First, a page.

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If you’ve ever spent time on sites like BuzzFeed or Gawker, you’ve likely come across information pulled directly from top ranking news sites like the New York Times or the Washington Post. To some, this phenomenon is “appalling” or the “beginning of the end of media.” Some have even gone so far as to label it full on plagiarism, citing a supposed loss of traffic or revenue to the originator of said news or content.
Are these actions plagiarism, and if not, when exactly does regurgitating information become so? More importantly, what effect does modern curation have on society, and are we better off with it or without it?
Plagiarism is an act or instance of using or closely imitating the language and thoughts of another author without authorization and the representation of that author’s work as one’s own. If you weren’t paying attention, I plagiarized that definition directly from Dictionary.com. Oh the irony.
Anyway, as you can see, true plagiarism requires three important factors:
Based on the dictionary definition of the word, what happens on sites like Gawker and Buzzfeed simply cannot be defined as plagiarism. While it’s true that these sites are using information gathered on legitimate news sites to create highly successful sharebait content, the nature of their content is of summarization. You may even describe them as the cliff notes of the internet.
These sites have made a considerable living off of taking information – like a news event – and creating a quick-to-read article with a focus on imagery that highlights the most important aspects of the story. To some, this is damaging. I mean, they are simply rehashing information. Some argue that this could be the death of important publications that cannot compete with the high traffic sites that are always looking for new stories. This brings up an important question to consider: Do sharebait sites like Buzzfeed harm the entities they derive their content from or are they actually a blessing in disguise?
When downloading became popular on the Internet, it made it a thousand times easier to get the music you wanted to hear almost instantly. Industry experts marked it as the beginning of the end of the music industry. How could a band afford to make music if people could just get it for free off of Napster? More than a decade later, we’re sitting in one of the biggest, most vibrant musical generations ever. Why is that?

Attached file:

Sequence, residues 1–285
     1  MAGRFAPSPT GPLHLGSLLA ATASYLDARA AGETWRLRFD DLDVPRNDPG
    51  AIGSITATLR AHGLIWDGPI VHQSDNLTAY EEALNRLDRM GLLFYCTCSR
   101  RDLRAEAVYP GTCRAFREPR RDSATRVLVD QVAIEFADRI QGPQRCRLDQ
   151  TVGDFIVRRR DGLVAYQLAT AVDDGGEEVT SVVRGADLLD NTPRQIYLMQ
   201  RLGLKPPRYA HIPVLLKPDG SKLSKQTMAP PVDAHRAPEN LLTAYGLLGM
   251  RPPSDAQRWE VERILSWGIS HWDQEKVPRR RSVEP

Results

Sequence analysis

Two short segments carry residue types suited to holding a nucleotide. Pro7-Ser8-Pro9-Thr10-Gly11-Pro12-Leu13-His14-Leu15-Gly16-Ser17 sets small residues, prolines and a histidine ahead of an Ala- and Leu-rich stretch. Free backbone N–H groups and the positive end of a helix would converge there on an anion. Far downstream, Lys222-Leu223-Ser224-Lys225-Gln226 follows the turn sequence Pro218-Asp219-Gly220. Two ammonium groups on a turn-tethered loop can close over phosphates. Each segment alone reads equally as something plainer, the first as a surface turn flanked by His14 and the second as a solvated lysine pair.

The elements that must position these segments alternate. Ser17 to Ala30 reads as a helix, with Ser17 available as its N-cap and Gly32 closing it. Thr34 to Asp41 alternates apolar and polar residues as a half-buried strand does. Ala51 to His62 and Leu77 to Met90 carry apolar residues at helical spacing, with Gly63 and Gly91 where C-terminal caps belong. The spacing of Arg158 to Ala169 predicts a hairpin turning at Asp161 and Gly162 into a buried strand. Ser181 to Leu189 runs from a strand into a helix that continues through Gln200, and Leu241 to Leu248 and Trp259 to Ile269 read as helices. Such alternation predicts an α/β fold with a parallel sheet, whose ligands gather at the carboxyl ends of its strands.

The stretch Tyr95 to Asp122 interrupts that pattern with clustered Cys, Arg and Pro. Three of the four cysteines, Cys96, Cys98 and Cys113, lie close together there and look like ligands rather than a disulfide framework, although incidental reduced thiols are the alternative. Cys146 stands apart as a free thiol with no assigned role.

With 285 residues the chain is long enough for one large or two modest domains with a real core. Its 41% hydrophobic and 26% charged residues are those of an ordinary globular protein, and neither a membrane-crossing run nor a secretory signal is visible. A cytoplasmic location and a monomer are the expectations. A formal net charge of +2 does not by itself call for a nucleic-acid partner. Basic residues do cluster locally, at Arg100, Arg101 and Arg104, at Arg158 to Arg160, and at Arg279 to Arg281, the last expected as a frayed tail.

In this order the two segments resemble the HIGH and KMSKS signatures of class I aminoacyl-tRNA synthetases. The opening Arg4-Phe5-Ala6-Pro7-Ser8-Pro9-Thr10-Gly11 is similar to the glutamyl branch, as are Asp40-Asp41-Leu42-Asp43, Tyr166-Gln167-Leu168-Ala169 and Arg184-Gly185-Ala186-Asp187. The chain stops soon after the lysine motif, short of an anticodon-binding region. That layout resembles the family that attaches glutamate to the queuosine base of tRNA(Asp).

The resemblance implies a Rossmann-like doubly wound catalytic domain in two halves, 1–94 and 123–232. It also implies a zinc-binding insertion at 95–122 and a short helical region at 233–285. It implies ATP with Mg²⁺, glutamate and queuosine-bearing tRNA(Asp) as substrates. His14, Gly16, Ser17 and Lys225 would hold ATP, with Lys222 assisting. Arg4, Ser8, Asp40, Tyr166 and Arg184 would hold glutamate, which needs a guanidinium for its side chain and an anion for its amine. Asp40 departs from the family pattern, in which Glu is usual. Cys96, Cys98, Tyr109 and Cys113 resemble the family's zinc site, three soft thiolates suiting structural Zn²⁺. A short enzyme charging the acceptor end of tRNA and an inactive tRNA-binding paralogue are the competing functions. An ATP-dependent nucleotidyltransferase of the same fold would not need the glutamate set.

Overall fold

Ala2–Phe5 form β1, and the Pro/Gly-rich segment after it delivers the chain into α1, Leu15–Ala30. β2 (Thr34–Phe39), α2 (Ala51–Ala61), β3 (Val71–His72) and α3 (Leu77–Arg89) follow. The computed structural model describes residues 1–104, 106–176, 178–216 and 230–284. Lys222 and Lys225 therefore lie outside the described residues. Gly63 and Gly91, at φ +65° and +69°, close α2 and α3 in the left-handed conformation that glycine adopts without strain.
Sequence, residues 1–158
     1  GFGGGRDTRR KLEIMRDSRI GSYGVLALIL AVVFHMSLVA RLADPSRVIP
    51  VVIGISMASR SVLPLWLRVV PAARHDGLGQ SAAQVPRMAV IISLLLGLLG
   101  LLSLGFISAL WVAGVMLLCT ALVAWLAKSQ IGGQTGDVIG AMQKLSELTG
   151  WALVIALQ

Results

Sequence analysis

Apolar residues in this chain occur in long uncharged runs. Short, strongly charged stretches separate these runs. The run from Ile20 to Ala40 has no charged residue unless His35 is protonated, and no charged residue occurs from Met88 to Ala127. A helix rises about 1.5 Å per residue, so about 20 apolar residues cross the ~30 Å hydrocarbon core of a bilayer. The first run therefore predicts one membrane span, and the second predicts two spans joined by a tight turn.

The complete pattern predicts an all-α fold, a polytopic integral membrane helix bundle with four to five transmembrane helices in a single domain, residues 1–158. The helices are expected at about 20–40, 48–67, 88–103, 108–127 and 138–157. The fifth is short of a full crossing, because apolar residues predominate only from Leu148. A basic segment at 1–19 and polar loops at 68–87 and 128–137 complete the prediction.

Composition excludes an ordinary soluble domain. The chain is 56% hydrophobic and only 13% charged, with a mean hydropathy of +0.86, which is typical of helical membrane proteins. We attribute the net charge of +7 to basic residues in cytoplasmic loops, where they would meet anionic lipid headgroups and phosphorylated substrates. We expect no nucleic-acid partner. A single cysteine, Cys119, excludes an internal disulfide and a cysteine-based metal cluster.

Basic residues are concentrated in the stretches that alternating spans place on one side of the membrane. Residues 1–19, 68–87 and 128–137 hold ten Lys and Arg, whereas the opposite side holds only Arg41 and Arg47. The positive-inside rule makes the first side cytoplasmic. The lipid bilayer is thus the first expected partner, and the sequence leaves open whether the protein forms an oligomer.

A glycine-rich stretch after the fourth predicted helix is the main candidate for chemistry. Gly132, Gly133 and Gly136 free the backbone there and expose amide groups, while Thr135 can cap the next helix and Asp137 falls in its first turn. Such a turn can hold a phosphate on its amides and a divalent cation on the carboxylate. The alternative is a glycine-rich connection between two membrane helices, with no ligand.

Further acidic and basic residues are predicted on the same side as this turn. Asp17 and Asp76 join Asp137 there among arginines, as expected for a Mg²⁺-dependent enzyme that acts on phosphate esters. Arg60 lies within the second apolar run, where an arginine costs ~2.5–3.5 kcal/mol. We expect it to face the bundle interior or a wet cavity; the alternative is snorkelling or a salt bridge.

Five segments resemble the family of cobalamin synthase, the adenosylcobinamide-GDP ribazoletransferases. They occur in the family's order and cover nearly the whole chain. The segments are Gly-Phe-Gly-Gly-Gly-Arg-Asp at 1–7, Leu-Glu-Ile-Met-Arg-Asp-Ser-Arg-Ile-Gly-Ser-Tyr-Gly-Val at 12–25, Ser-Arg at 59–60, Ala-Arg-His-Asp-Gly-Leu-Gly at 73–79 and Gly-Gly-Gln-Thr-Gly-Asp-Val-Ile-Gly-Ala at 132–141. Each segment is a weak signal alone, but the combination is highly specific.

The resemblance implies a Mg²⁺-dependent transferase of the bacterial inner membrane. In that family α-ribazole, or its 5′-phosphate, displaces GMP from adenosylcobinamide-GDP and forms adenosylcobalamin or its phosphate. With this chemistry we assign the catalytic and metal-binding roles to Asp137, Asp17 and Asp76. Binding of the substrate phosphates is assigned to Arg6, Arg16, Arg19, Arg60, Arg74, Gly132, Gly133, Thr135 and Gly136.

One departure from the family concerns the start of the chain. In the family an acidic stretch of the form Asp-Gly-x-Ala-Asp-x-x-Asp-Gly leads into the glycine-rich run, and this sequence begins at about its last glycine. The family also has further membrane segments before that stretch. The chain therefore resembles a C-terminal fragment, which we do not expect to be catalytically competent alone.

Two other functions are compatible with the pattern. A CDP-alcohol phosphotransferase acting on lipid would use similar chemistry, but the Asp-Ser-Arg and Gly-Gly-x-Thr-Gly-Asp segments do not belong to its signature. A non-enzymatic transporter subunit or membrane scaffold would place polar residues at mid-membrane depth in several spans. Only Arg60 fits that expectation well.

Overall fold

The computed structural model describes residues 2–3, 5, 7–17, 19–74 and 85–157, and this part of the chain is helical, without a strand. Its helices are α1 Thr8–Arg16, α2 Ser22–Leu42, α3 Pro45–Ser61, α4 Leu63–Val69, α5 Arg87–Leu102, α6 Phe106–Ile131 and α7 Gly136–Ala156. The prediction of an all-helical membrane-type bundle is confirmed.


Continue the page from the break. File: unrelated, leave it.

The credit goes to the ease of access in music, allowing people from all over the nation and the world to hear the song they want to listen to immediately. This gave smaller, independent artists a great platform to promote their music to a broader audience. This big bang lead to countless new genres, music styles and a musical audience with far more eclectic tastes. I would argue this was a positive change, and lo and behold, the music industry adjusted and is doing just fine.
Why couldn’t this same fate apply to the journalism industry? Millions of users who might never consider visiting or reading these high profile publications are getting highlighted on sites with broad content categories. Next to that picture of a kitten in roller skates, the “common” man is reading high-brow news or opinions. Not only are the original articles getting into the eyes of more people, they’re also getting the benefits of all the actual links back to the original—a massive benefit to these news organizations.
Business tends to always be a little hesitant about change. They’ve only just recently fully adapted to the new world of free media and the constant sharing of everything. Now they must embrace this new age of journalistic democratization. The links to their sites, and even the rundown of their articles are being viewed by more and more people, from different walks of life. It’s no longer the accountant or the finance guy, it’s the auto mechanic and the pizza delivery dude. This is a positive. The purpose of news isn’t to stake a claim on information. It’s to disseminate that information to the masses. Sites like Gawker and Buzzfeed only help that happen.
We live in a society that has developed an urge to share things we deem important. News organizations should stop worrying about the possibility of obsolescence, and embrace the fact that the 14 year-old who is reading a brief rundown of an article they posted will one day be an adult with a family and disposable income, familiar with their brand and willing to adopt it fully. The benefits—aside from the links—won’t be instant, but they will come to fruition.
The seeds of change have already been planted and now it’s up to them to continue putting out consistent, quality material so they can one day feast on the fruits of their labor.